A bay window history revealed!
Bay Window History: Every era brings its own unique architectural contributions to windows. Cultures evolve and determine new fashions like ironmongery styles, whilst industry advances allow new products to be created and innovations to be imagined.
The wooden windows of period properties today tell a story that gives insights into yesteryear: the bygone times which themselves emerged out of the times and the styles which preceded them.
Beginning of bay window history
For bay windows, the opportunity to really step out into the limelight came in the final years of the 19th century. A regulatory adjustment to the Building Act in 1894 meant that windows no longer had to remain flush with the external wall – i.e., they could protrude, as a bay might protrude from the ocean.
Some exceptions exist as there are early bay windows which pre-date this amended Act; particularly mansions built around the Renaissance and grand architecture designed in a baroque style. However, this later point marked the turning point of bay windows becoming a mainstream detail.
The bay window quickly became a common design feature of properties from the latter part of the Victorian era and on into Edwardian buildings.
Bay windows: shining some light on things…
So, what are some of the key features that make a bay a bay? For starters, as suggested by the 1894 Building Act, bay windows do not run flush with the property’s outer surface.
Victorian and Edwardian
Most typical of the Victorian and Edwardian sash bay windows is a three-sided extension of windows, forming a trapezium shape when viewed from above – also called a canted bay window.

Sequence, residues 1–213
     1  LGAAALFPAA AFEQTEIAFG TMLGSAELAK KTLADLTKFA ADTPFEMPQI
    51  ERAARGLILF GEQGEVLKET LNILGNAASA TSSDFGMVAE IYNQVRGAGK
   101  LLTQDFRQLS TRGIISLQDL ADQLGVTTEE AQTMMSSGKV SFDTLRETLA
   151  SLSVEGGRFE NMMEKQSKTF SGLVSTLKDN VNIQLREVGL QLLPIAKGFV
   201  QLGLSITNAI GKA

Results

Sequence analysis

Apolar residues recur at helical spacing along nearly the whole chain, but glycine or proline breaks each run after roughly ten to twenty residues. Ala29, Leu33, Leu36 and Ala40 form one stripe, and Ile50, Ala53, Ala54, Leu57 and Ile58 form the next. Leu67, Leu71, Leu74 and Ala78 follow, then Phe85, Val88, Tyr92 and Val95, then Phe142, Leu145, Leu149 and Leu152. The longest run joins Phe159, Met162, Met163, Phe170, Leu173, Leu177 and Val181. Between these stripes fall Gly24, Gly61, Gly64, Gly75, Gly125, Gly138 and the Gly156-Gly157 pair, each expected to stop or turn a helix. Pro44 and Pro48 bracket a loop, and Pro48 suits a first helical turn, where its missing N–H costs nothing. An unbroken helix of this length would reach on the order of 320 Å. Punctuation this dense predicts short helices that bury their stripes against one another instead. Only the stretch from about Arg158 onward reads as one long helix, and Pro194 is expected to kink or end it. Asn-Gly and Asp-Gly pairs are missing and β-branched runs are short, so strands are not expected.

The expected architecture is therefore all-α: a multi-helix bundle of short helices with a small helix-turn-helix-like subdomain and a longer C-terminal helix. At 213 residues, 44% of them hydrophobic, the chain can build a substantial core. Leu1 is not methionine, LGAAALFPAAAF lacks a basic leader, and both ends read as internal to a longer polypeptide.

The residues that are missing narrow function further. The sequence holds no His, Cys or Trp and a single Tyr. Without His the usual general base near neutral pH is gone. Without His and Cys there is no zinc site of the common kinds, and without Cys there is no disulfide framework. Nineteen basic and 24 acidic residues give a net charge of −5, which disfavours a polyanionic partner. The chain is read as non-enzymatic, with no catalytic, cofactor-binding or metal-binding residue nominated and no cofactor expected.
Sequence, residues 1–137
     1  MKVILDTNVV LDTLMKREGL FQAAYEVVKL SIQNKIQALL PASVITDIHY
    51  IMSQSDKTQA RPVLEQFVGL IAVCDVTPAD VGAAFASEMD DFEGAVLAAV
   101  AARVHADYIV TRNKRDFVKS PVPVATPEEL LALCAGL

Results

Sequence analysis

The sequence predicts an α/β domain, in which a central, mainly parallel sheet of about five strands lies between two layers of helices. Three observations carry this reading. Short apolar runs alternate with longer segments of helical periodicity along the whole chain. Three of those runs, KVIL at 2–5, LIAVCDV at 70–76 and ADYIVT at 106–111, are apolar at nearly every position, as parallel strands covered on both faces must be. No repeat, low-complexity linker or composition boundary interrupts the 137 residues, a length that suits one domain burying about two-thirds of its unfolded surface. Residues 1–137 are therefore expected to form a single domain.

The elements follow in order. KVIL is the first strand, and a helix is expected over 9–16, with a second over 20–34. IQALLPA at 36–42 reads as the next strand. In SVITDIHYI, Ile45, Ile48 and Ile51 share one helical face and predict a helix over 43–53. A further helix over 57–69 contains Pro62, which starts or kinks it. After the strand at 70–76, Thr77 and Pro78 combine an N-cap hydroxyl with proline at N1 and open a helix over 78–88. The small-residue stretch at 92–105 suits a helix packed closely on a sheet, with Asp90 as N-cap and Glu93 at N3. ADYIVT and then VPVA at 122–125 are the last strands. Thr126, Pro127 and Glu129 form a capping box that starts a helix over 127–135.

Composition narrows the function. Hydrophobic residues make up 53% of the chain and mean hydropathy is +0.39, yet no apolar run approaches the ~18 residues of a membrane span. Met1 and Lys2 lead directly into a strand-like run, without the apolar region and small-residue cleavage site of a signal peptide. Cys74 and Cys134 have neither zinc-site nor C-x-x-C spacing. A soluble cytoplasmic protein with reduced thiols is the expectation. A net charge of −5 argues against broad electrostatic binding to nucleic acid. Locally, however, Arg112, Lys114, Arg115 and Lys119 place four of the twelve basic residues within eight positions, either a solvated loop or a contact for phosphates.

The centre pane juts out from, but runs parallel with, the external wall, and the two side windows are angled between the centre pane and the wall.
Where the side windows are perpendicular (at right angles) to the wall/centre window(s), they form a rectangular shape and may be referred to as a Box window.
Where the individual sections of the window are designed and installed to form the appearance of an arc, they may be referred to as Bow windows or circular bay windows.
These circular bays err towards creating a semi-circular floor plan.
To achieve a suitably smooth ‘curvature’, bow windows usually have 5 or more sections.
“Oriel” windows are essentially bay windows for the upper stories. They ‘float’ atop supporting brackets, or corbels, and again was a popular feature of late Victorian and Edwardian properties, which are still enjoyed in their original form, and replicated with modern iterations, today!
At the end of the bay, it’s a bigger room…
Whether Bay windows, Box or Bow, these building extensions do exactly that: they extend the interior space. With the increase in surface area and glass increase comes another benefit of increased light entering the room.
More light coming in through those extra windows also amounts to an increased view, sometimes dramatically, as bay windows allow for visibility in new directions compared to a simple flat window.
And not to overlook the wonderful aesthetic addition that bay windows afford to any property – both internally and externally.
For your internal spaces, the increased light, the inviting views, and the additional architectural interest provide many fresh interior design options.
Usually accompanied by an internal feature sill, the bay recess can provide multiple functions – from a cushioned seat to relaxing and reflecting a prime spot for your indoor potted herb garden.
What do you do (or dream of doing) with your extra bay spaces?